Review: 'Sausage Party'

Finally, the raunchy, R-Rated parody of 'Toy Story' no one was asking for
Seth Rogen plays Frank, the hot dog, in the raunchy 'Toy Story' sendup, 'Sausage Party.'

Wrong on so many levels, the R-rated Sausage Party is a parody of Toy Story; one abject bath salts-abuser drives around with a "Pixar" bumper sticker on the back of his beater car. In a supermarket, the joyous pack of hotdogs can't wait to get between the vertical lips of the waiting buns who are saving themselves for when they're purchased. That day will come soon, since the store has bunting hung for "Red White and Blue" day when weiners get snatched up and bought.

What these happy, pious products don't know is what actually happens to food when it arrives in a kitchen—that there will be peeling, roasting, wailing and an apocalypse of gnashing teeth. Tipped off by a jar of mustard that's been returned to the store, these food items learn of the horrifying fate awaiting them.

Frank the hot dog (Seth Rogen) escapes after a grisly accident—one of the better Sept. 11 jokes ever made on the big screen. He tries to find his lost bun Brenda (Kristen Wiig) amidst the ethnic stereotypes of the international section: there's a lesbian-curious taco (Salma Hayek), an Arab lavash and a put-upon Jewish bagel. The latter two work out their ancestral Jewish and Muslim hatreds. In one tired joke, the lavash thinks he has 77 bottles of virgin olive oil waiting for him in the afterlife.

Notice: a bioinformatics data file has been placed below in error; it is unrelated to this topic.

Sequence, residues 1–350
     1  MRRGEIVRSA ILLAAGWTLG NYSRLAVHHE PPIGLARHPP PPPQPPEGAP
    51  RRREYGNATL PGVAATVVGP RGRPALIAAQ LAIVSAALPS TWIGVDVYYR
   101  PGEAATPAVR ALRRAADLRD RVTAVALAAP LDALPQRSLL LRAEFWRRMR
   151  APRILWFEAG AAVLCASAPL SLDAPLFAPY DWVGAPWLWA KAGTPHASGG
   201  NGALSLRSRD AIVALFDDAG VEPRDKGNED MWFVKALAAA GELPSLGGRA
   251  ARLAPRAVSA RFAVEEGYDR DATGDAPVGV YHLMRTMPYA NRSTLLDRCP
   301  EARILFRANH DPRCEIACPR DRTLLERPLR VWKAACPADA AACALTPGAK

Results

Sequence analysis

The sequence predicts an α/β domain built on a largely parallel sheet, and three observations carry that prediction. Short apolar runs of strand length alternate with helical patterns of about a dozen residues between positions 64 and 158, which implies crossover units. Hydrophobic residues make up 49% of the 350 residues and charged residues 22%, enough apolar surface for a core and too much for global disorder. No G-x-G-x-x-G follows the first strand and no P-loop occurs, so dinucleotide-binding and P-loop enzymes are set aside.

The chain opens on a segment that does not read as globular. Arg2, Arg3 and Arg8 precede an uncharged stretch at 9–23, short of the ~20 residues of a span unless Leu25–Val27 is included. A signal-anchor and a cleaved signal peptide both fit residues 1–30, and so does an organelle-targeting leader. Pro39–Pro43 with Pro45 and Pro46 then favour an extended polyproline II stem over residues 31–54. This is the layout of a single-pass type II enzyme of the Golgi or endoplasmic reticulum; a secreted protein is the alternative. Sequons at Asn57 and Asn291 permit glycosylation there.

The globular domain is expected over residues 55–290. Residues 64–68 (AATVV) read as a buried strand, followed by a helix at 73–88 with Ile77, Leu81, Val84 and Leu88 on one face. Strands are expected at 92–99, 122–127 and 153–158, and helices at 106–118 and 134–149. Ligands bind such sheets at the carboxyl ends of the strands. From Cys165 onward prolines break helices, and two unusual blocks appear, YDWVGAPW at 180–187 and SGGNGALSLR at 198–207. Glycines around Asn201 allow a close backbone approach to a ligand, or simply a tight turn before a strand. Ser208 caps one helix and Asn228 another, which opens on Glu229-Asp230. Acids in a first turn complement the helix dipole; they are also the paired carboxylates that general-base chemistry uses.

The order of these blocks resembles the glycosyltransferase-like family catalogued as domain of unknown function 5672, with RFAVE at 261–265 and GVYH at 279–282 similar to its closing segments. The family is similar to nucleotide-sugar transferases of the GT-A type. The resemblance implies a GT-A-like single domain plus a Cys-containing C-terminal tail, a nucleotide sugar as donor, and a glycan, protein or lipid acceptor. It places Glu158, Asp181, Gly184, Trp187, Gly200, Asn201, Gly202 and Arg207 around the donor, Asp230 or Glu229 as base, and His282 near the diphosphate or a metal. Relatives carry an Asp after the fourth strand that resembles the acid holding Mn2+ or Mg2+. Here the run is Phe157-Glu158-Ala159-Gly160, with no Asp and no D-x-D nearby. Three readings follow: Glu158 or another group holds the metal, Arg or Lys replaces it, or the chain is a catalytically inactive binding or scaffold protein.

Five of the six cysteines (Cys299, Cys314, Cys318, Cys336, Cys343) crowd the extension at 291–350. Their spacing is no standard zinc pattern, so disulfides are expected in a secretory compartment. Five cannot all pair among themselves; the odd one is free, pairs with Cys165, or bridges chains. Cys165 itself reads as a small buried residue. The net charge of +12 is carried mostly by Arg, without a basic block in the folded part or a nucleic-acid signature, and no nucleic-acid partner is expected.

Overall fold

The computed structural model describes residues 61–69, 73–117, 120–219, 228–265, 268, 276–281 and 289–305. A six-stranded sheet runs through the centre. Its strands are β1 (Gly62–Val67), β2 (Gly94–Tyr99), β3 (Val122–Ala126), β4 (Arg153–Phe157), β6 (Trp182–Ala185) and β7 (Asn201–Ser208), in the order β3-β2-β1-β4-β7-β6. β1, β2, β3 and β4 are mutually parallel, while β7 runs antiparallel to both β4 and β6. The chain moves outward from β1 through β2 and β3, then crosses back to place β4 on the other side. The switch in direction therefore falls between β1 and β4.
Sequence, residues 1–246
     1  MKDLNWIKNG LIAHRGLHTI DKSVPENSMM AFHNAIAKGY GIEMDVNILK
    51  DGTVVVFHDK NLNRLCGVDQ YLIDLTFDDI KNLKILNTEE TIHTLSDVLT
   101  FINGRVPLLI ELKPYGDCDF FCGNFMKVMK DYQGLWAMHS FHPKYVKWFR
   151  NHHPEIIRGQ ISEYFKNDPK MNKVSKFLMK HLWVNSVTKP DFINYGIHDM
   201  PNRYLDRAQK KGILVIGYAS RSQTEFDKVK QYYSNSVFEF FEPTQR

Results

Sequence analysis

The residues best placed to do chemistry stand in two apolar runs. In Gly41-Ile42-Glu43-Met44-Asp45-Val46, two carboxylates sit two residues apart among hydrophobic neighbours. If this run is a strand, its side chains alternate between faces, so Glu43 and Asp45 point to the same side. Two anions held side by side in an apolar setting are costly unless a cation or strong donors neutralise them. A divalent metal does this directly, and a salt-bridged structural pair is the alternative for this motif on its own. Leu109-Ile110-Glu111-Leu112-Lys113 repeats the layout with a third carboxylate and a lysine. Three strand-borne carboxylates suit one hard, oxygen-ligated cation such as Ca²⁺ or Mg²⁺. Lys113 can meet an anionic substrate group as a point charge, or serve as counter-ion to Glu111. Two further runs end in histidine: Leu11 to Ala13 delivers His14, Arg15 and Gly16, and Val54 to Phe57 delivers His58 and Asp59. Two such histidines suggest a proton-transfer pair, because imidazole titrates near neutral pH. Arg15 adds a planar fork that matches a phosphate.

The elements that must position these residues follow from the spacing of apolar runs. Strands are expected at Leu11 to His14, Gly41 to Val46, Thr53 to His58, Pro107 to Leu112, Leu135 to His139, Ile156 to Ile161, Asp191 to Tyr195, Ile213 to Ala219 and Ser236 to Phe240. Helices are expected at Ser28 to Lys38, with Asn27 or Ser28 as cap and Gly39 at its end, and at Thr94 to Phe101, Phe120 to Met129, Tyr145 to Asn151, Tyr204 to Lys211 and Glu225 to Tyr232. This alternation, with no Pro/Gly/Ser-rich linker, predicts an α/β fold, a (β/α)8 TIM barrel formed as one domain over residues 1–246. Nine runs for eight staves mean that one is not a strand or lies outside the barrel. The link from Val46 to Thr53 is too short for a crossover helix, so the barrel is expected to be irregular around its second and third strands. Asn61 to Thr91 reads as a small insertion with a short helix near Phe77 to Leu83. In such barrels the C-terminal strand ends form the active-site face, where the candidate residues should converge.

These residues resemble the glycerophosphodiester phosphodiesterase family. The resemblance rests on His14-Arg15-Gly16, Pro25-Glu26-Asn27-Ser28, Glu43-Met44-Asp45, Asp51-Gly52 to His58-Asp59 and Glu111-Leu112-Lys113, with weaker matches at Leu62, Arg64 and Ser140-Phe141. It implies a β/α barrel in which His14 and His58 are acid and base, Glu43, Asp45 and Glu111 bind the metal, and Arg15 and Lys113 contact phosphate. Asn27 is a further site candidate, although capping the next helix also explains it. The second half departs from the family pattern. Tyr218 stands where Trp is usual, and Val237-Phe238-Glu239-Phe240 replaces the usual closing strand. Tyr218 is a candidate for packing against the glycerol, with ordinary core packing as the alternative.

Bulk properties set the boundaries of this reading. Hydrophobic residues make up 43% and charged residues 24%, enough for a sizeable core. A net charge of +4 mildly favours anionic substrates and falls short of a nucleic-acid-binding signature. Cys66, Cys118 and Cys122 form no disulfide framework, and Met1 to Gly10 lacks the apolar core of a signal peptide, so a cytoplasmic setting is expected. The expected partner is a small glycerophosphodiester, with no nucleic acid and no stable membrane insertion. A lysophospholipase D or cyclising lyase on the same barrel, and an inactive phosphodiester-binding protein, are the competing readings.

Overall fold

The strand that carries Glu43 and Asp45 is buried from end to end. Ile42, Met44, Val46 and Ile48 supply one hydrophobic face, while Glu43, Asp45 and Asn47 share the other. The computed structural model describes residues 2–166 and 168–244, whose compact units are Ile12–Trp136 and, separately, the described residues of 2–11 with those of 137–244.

It's scantily villained: a rapacious and juiced-up plastic bottle of douche is called, appropriately, "Douche." Played by Nick Kroll, Douche lives up to his name by running around, preying on the products around him. He's not in on the master-plot, trying to counter Frank's efforts to dispel the religious mystification which has kept the groceries leaving the store in an orderly fashion to their doom.

Occasionally funny and pun-laden (the hotdog believes in "bunogamy"), it's a roundly obscene version of the kind of animated-produce cartoons of the olden days—say, the Fleischer Brothers' 1939 "The Fresh Vegetable Mystery." The animation gets the job done—the reference to the cute white gloves so many animated critters wear was quite the choice.

But Sausage Party has a crowded composition that'll look better on the smaller screen, and the background jokes aren't worth much. Mocking Pixar is fine, but at least that painstaking studio would have known how to introduce love—instead of a scenario in which no product can wait to get some hot sex on the shelf.

Sausage Party
R; 88 min.

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